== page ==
As in Olympic opening ceremonies,[33] a torch bearer (Soviet runner and 1980 gold medalist Viktor Markin) carried the flame into the stadium[33] and lit a giant bowl which had been built for the 1980 Moscow Olympics.[30] The torch had been lit from an eternal flame for World War II victims located in the Kremlin.[30]

Teams marched onto the stadium behind flags, but unlike in the Olympics, they were not national teams but sporting organisations, such as Dynamo or Spartak.[30]

Songs performed during the ceremony included a 1918 military march dedicated to the Red Army, "Stadium of My Dreams", written for the 1980 Olympics,[34] and a specially composed song with the chorus "To a sunny peace – yes, yes, yes / To a nuclear blast – no, no, no."[4][30]

General Secretary Konstantin Chernenko did not attend the ceremony[33] as expected,[34] but five Politburo members were present: Dimitri Ustinov, Mikhail Gorbachev, Grigory Romanov, Vitaly Vorotnikov and Viktor Grishin.[33]


Events were hosted by nine countries (Bulgaria, Cuba, Czechoslovakia, East Germany, Hungary, North Korea, Mongolia, Poland, and the Soviet Union) between 2 July and 16 September 1984. With the exception of equestrian jumping, no events were held during the Summer Olympics in Los Angeles (held between 28 July and 12 August).

The Games were contested in 22 Olympic disciplines (all except association football and synchronized swimming), and in non-Olympic table tennis, tennis, and sambo wrestling.


Main article: Archery at the Friendship Games

The Soviet Union won five out of six possible medals.

Uwe Hohn won the gold medal in javelin throw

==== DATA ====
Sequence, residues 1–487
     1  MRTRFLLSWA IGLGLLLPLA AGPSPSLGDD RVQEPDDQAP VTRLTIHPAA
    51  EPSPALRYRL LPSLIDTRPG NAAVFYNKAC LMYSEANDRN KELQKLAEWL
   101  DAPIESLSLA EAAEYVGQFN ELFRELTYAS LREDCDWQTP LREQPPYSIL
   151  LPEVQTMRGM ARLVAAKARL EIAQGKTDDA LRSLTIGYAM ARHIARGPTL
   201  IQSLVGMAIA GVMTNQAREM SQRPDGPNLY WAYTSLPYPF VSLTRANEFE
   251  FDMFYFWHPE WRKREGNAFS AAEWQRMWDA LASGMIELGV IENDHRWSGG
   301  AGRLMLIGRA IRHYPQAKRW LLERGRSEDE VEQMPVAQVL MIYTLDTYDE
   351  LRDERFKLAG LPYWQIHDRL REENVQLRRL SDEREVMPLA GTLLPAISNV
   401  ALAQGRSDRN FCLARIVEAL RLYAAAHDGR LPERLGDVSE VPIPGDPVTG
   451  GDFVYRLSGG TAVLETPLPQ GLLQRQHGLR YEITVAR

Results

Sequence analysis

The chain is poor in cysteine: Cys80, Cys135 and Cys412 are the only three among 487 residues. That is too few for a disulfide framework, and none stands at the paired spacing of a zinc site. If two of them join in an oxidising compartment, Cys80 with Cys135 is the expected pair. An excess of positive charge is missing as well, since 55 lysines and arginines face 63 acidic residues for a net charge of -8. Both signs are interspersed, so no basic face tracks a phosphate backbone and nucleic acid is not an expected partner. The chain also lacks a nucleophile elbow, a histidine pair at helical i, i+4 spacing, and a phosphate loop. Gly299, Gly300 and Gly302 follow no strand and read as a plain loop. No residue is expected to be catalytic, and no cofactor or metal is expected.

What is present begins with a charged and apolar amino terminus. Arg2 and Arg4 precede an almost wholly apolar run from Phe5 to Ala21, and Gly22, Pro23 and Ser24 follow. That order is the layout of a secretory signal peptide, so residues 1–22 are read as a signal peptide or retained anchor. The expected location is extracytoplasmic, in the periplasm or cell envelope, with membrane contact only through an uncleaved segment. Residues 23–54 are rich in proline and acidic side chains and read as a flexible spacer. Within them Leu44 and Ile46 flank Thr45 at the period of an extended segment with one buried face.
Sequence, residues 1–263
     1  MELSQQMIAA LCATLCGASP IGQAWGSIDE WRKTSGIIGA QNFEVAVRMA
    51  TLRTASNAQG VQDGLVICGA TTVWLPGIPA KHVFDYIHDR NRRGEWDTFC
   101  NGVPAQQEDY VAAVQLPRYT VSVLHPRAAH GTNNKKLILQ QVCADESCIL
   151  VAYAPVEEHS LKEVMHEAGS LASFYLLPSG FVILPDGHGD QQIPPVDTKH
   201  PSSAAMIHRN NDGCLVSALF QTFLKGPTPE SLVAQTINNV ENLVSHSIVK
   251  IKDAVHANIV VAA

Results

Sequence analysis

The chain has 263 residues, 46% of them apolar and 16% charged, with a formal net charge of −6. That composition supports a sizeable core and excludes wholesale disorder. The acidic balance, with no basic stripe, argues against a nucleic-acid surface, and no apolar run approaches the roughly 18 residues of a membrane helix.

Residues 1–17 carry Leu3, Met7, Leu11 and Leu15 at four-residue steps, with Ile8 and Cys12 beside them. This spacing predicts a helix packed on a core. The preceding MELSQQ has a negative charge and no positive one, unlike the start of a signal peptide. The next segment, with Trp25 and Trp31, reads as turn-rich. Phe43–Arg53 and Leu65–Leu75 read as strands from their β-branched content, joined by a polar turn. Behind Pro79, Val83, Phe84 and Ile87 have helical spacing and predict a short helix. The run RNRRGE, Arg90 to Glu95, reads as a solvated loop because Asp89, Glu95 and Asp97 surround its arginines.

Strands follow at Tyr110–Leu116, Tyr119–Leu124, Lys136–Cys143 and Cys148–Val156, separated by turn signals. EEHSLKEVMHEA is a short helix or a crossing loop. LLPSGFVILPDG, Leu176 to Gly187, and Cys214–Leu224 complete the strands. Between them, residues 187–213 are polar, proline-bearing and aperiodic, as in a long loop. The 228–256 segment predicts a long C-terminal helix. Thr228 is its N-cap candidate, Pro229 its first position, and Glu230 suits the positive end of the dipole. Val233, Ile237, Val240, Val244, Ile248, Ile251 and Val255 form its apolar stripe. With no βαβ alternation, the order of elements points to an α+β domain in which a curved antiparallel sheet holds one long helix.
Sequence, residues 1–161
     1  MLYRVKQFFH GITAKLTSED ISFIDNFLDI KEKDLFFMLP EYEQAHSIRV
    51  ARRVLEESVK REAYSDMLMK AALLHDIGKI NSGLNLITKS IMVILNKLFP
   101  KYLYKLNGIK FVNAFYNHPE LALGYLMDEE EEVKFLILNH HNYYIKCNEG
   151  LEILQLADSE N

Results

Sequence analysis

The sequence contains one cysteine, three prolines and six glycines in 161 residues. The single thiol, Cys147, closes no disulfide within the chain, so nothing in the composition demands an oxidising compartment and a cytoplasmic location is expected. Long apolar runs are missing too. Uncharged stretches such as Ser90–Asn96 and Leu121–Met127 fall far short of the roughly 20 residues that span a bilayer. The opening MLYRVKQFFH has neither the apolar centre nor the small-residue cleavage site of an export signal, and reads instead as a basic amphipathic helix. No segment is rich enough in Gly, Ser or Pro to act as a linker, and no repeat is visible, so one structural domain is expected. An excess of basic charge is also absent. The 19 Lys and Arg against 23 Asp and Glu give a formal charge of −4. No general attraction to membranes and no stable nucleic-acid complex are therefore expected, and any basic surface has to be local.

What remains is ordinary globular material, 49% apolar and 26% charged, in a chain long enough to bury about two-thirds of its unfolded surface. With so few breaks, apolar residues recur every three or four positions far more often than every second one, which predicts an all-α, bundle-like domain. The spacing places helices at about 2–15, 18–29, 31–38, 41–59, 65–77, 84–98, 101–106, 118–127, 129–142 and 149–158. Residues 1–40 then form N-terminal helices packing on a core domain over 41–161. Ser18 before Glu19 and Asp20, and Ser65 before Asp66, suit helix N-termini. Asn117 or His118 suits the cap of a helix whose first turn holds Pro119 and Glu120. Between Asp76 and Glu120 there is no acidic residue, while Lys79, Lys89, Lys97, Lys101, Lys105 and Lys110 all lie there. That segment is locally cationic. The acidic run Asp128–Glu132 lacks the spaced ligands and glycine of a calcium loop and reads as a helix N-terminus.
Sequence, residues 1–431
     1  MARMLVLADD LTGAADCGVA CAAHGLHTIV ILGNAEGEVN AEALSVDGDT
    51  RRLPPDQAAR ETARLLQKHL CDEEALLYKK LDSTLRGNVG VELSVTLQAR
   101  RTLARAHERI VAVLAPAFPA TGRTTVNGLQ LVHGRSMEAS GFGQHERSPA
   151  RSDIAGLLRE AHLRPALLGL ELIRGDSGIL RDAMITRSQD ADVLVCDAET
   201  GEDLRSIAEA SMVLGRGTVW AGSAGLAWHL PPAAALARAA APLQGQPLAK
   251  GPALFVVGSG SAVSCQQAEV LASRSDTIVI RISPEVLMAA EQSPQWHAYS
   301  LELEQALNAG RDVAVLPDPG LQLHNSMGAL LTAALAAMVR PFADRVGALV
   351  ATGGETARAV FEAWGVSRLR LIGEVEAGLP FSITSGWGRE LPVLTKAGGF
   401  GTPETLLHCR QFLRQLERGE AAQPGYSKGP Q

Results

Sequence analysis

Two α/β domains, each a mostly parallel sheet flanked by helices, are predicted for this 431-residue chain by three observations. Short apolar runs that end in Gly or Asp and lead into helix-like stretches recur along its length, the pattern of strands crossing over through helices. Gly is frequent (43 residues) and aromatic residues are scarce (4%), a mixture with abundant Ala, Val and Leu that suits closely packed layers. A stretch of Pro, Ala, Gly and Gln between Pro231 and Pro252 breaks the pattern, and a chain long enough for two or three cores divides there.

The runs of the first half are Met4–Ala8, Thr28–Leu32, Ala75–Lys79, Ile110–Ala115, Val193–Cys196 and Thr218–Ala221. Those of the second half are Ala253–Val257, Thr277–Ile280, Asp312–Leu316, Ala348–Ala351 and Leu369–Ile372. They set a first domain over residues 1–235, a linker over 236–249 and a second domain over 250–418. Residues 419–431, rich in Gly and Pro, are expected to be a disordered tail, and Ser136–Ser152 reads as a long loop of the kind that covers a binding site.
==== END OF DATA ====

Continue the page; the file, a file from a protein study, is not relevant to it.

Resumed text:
Main article: Athletics at the Friendship Games

In an interview shortly before the events began, the Soviet team's coach Igor Ter-Ovanesyan said his athletes beat more than ten world records during the preparations for the competition.[34] While the Soviet athletes set no new records during the Games, they still dominated, winning more than a half of the gold medals. The only new world record was set by East German Irina Meszynski in women's discus throw, with 73.36 m.

In an unusual feat, Alberto Juantorena (Cuba) and Ryszard Ostrowski (Poland) both crossed the finish line at exactly the same moment in the men's 800-metre run. After the officials were unable to decide who came first – even after examining a photograph – both were declared winners.[4]

The annual Moscow Marathon was declared to be a Friendship Games event in 1984. This caused a minor controversy, as the United States Marine guards of the American embassy, who usually took part in it, withdrew after learning it would be treated as a Friendship Games competition.[4]